Research by Collegia, a higher education economic development consulting firm, confirms Martineau’s hunch: out-of-region students who interned in Philadelphia were twice as likely to stay in the city after graduation and undoubtedly, the number is higher for in-region students.  Although there are differences between Ohio’s shrinking cities and Philadelphia, similar retention rates likely occur.

Many of the internships listed on clearinghouses like EasyColumbus, NEOIntern in Cleveland, and SOCHE in southwest Ohio are located in cities.  This isn’t surprising actually because the state’s cities turn Ohio’s economic motor; the seven largest metros concentrate talent and innovation and contribute to 80% of the state’s GDP.

Cities like Akron and Springfield have recognized that to increase the number of local jobs and the city’s prosperity, education and workforce development will carry the metro into the next economy.  Internships will be one critical strategy as Akron and other Ohio cities continue to leverage their assets and prosperity drivers.  The state can play an important role in this process by supporting internships programs, as it does now with the Third Frontier Internship Program and the proposed funding for the Ohio Co-op and Internship Program.

Ohio has one of the largest collections of colleges and universities in the country— using internships to capitalize on the presence of so many young, eager, educated people not only brings fresh talent to businesses and gives students real-life work experience, but internships can also help retain the creative, highly-trained workers needed for the state’s long term competitive success.

The State of the State

March 15th, 2011

By Gene Krebs.

Like many Buckeyes, I am waiting for the budget to be released later today.  In the meantime, many have been poring over the recent State of the State speech by Governor Kasich and looking for clues.  I was pleased to see that the speech touched on many smart growth principles.

Some of the themes from the speech aligned with what we have been hammering on for seven long years.  The main one is that our metropolitan regions are central to restoring Ohio.  Governor Kasich emphasized this by drawing attention to the dramatic population loss of many of Ohio’s major cities.  “Cleveland and Youngstown have lost 50 percent of their population since 1950. Fifty percent of the population of Cleveland and Youngstown gone.  And I will take your breath away by telling you that the city where the north meets the south, Cincinnati, has lost 40 percent of its population since 1950.”  This acknowledgment of our shrinkage is an important first step to being able to diagnose and treat the problems we are facing.  This focus on cities also affirms Greater Ohio’s agenda.  I am glad to hear that cities and metros are getting the attention they deserve.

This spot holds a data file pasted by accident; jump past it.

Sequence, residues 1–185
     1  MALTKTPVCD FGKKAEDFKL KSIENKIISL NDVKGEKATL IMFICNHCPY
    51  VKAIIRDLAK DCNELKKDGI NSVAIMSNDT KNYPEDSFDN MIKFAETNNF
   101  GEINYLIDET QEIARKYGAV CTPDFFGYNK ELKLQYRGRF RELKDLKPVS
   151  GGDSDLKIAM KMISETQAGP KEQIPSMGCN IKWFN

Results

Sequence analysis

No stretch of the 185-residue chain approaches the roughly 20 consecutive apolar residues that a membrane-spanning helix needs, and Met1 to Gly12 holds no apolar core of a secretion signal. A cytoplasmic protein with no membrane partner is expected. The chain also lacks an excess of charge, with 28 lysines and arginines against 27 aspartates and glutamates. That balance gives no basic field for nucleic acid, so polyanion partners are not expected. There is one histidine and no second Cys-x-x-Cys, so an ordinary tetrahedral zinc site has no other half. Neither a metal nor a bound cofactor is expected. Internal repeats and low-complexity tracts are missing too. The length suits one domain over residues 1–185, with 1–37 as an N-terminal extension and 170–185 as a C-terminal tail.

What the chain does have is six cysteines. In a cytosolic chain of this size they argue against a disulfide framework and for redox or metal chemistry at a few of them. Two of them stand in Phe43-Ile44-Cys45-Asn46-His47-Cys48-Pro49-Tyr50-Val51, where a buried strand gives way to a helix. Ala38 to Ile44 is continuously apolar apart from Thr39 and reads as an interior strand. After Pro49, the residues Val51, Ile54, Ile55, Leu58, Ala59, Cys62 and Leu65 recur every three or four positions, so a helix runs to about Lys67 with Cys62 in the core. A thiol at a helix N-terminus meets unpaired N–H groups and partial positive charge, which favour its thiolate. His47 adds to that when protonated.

The State of the State speech also reflected a shift in attitude towards how we grow.  What does it all mean?  This could be an indicator of massive changes in how we govern, how we are organized, and how we spend.  These changes are likely coming as the state attempts to deal with our unprecedented budget shortfall.

It was also positive to hear that Governor Kasich supports governance reform and shared services.  As he said in his speech, “We are going to reform government, okay? It’s going to happen. And I’m — I’m asking you all to keep an open mind about the possibilities of reform because you can’t keep doing the same thing in this state and avoiding the decisions that need to be made that have been put off for political reasons, frankly.”   Change certainly is needed for many reasons.  Ohio’s antiquated form of government was designed for the horse and buggy economy, not the global economy.  We need to reform in order to compete.

However, we hope that the change represents not just cuts in our spending, but also the right types of investments in our cities and metros as well.  Ohio needs to face the fact that cutting taxes and spending alone will not be the silver bullet.  And we have to acknowledge that our population loss is not due solely to high taxes.  We need to invest in order to build the kinds of quality places that attract businesses and skilled workers.  For further proof of this, see this letter from a Michigan CEO who wants to relocate out of Michigan not due to taxes or regulations, but because the sprawl endemic to his area creates undesirable places where talented, educated workers prefer not to live.

All in all, there were many positive signs, but there is a lot of work ahead of us, and the devil is in the details.  We look forward to seeing the budget later today in order to figure out the Governor’s proposed path of action.  Stay tuned for more of Greater Ohio’s analysis.